The best batters in the world have excellent back foot games when playing on spinning tracks.
AB de Villiers, Yonus Khan, Rahul Dravid and Joe Root all get as far away from ball bounce when the bowler misses his length on the short side.
This depth of crease gives the player more time and creates different options to access with scoring shots.
These players are masters of manoeuvring the ball, even on the driest pitches at the end of a five day Test match. And if the bowler misses their length by a sufficient margin, the batter will be able to back foot punch or pull the ball away for boundaries also.
Traditionally, northern hemisphere batters have developed lazy habits as the ball generally sits in the wicket and doesn’t spin significantly on greener surfaces.
As a result, they tend to shift their weight backwards rather than create distance between ball bounce and ball contact.
This approach works until the ball starts to spin quickly or break a bigger distance off the pitch.
That’s why Westerners have now learnt from the sub-continent players who have fast feet. I analysed these movements and now coach players to copy sub-continent approaches.
Even if the player is never likely to play in India, Sri Lanka, Bangladesh or Pakistan.
You see, the “northern approach” is simply not transferable to wickets that really spin. The sub-continental approach will thrive in any cricket environment.
More time. More options. That works everywhere.
Different lines of movement
So, depth of movement is one thing. Now here are two methods of playing back foot to to the same bowler.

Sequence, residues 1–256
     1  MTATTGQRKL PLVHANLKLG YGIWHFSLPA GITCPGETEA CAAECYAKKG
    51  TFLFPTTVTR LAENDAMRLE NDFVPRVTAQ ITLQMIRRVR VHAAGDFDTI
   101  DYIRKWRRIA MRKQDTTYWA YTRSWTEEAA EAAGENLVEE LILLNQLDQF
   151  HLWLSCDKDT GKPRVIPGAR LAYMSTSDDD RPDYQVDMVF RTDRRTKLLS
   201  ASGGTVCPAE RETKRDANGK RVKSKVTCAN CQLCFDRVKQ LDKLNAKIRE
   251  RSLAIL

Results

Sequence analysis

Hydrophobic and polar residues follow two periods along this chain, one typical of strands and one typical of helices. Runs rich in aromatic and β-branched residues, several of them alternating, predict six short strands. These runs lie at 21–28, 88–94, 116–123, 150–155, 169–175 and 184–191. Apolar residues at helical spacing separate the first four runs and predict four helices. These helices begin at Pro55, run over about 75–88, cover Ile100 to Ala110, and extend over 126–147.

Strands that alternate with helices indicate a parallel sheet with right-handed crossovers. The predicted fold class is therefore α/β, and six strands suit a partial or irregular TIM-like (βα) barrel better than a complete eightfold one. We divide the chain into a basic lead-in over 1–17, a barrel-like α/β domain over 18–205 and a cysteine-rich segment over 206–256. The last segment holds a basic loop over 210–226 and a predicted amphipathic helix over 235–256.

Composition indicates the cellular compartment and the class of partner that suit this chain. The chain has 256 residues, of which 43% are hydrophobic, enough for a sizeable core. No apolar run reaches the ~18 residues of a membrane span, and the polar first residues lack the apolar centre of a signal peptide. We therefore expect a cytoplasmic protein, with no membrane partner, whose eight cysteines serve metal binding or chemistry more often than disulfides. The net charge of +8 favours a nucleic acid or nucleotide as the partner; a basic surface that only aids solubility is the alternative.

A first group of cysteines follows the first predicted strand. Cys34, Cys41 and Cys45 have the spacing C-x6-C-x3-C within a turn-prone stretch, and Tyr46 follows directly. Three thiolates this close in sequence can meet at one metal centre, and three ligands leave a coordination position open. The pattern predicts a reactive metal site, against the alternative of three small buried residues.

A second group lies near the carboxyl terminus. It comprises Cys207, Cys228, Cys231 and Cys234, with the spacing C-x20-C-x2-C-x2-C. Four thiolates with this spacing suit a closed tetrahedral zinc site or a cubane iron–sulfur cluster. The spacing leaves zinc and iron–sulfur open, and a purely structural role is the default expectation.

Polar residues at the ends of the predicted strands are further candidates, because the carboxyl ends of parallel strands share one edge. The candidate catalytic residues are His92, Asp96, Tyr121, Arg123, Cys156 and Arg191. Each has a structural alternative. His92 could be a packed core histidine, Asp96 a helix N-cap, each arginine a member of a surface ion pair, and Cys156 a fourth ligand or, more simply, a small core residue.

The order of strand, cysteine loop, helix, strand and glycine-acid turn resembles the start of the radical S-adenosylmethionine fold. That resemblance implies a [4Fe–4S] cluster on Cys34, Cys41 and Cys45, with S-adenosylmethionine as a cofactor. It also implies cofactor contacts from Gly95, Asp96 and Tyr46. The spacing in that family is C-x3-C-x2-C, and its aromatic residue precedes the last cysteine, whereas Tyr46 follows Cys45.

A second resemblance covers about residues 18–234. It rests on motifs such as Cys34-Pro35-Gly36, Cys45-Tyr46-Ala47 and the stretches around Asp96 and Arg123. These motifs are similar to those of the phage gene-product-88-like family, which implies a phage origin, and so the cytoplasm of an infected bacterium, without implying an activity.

England’s Michael Vaughan and Paul Collingwood would practice to face Murilitheran using as much depth of crease as possible.
Where they differed was their angle of movement.
Colly would move back and towards leg stump with the intention of hitting the ball with a punch drive through extra cover. He would aim to score 2’s into that often vacant gap. If he timed the ball beautifully then he would pick up a boundary.
Now in truth, it would be fair to say that Colly didn’t always pick Murili -not many batters did!
So this method gave Colly the chance to get away from his slightly under-pitched ball and play him off the pitch.
If the ball turned in then he could hit back into the spin with a safe punch drive and if it turned away then he could use the width as well as his short punch through the ball to generate speed off the bat.
Vaughan was different.
He would push into off stump and look to clip the ball through mid wicket with his excellent wrists. KP did the same (when he wasn’t switch-hitting).
Vaughany would use the spin on the off break to help him access open spaces beyond short leg and defend the ball if it was Murili’s doosra.
The boys practiced their own movements and approaches religiously.
And whilst neither mastered Murili in his own backyard of Kandy and Columbo, they were able to put the great man under some degree of pressure through their excellent footwork options.
So, depth of crease is important: It’s a given against spin nowadays but now you have two movement options to practice.
By doing so, you can find out which one is your preference
Then also experiment to see if there would be a circumstance or a challenge that may lend itself to adopting the other method rather than your preferred choice.
Give them both a go and come back to me with your follow up questions and experiences.